Full Text Available Recent reports have shown that cannabinoid 1 receptors (CB1Rs are expressed in pancreatic β cells, where they induce cell death and cell cycle arrest by directly inhibiting insulin receptor activation. Here, we report that CB1Rs regulate the expression of the anti-apoptotic protein Bcl-2 and cell cycle regulator cyclin D2 in pancreatic β cells. Treatment of MIN6 and βTC6 cells with a synthetic CB1R agonist, WIN55,212-2, led to a decrease in the expression of Bcl-2 and cyclin D2, in turn inducing cell cycle arrest in G0/G1 phase and caspase-3-dependent apoptosis. Additionally, genetic deletion and pharmacological blockade of CB1Rs after injury in mice led to increased levels of Bcl-2 and cyclin D2 in pancreatic β cells. These findings provide evidence for the involvement of Bcl-2 and cyclin D2 mediated by CB1Rs in the regulation of β-cell survival and growth, and will serve as a basis for developing new therapeutic interventions to enhance β-cell function and growth in diabetes.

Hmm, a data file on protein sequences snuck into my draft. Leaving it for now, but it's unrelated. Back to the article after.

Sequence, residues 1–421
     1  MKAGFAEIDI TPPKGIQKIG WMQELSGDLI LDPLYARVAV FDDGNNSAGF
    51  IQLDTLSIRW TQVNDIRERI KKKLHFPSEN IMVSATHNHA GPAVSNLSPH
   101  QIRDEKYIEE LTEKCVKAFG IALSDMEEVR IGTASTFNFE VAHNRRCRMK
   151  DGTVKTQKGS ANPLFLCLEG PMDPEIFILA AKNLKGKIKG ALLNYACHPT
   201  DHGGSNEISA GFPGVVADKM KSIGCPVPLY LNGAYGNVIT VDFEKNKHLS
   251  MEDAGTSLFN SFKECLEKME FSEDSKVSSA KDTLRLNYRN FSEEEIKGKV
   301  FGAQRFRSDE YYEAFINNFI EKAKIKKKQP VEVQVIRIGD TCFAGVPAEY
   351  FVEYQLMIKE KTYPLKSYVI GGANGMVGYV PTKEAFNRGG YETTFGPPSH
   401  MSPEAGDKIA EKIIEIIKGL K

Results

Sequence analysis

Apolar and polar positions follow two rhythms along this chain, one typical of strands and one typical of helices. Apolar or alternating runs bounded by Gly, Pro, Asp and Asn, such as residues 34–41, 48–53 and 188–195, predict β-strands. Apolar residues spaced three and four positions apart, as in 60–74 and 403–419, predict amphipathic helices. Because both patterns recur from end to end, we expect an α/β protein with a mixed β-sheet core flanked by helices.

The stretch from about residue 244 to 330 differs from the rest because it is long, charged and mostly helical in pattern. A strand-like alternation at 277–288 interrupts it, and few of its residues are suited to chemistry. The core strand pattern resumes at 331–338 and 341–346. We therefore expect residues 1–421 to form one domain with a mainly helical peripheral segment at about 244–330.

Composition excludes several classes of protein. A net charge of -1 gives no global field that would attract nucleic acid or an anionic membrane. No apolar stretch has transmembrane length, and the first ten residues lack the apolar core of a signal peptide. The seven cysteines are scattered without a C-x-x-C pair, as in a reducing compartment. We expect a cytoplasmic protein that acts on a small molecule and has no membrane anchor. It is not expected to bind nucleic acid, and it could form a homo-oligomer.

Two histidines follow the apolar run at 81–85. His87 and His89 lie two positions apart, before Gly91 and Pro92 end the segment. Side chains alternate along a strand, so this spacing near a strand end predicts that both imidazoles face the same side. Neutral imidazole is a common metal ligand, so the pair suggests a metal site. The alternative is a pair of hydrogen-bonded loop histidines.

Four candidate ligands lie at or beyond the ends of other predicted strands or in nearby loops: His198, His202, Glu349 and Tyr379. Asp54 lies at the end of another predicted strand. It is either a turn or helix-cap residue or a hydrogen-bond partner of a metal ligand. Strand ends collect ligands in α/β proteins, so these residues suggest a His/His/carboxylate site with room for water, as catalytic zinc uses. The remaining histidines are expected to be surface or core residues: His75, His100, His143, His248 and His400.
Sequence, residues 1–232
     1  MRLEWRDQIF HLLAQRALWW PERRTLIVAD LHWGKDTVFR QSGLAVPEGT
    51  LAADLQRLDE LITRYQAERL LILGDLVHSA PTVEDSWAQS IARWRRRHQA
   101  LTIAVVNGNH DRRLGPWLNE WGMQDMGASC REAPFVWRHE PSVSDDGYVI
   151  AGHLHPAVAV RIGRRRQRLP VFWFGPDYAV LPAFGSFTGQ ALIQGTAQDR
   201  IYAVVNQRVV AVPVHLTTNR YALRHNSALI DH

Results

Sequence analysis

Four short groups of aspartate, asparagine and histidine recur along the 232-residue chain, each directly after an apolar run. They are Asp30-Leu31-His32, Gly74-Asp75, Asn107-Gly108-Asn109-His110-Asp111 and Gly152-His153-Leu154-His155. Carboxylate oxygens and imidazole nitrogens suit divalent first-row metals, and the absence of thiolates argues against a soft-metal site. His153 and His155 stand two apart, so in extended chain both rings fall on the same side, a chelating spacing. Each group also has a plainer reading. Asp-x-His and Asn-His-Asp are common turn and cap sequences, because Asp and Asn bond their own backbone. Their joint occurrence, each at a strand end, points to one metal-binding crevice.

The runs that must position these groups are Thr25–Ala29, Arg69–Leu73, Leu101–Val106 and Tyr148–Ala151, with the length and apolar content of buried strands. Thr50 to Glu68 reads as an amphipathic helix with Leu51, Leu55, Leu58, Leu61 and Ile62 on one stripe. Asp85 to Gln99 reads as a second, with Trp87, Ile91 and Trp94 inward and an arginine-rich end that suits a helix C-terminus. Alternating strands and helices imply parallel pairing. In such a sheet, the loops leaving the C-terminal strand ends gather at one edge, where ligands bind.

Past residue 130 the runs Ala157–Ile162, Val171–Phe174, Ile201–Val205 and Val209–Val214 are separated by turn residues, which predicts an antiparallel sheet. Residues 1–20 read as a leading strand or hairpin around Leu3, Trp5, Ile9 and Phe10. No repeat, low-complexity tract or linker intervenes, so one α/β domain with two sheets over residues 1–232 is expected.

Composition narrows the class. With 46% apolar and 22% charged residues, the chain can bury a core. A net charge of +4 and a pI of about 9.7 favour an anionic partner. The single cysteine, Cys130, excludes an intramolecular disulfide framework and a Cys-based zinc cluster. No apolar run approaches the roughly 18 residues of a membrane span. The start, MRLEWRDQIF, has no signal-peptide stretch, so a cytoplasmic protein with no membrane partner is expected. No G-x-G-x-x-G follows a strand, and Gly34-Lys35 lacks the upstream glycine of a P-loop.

16. Guidelines on Building Regulations 2008

    DEFF Research Database (Denmark)

    Thse guidelines clarify and intepret the provisions of the Building Regulations of 2008 (BR08). The Guidelines, which match BR08 in terms of organisation into Parts, are accompanied by the full text of the regulations and the explanatory notes issued by the Danish Enterprise and Construction...... Authority. The Guidelines refer the reader to sources such as relevant standards, instructions and other background material which provides more detailed information. The Guidelines cover the same ground as BR08, including building control regulations, layout, fitting out, structures, fire safety, indoor...... climate, energy consumotion and services. The Guidelines are aimed at all professionals involved in building projects, particularly building design consultants, contractors and municipal application officers....